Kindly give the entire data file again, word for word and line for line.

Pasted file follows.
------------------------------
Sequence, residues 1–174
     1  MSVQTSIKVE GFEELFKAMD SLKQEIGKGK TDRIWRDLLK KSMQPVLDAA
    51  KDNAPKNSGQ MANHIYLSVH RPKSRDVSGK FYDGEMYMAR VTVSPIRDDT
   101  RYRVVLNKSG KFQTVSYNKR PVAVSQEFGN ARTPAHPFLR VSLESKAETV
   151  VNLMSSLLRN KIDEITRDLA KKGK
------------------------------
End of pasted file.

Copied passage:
Sequence, residues 1–174
     1  MSVQTSIKVE GFEELFKAMD SLKQEIGKGK TDRIWRDLLK KSMQPVLDAA
    51  KDNAPKNSGQ MANHIYLSVH RPKSRDVSGK FYDGEMYMAR VTVSPIRDDT
   101  RYRVVLNKSG KFQTVSYNKR PVAVSQEFGN ARTPAHPFLR VSLESKAETV
   151  VNLMSSLLRN KIDEITRDLA KKGK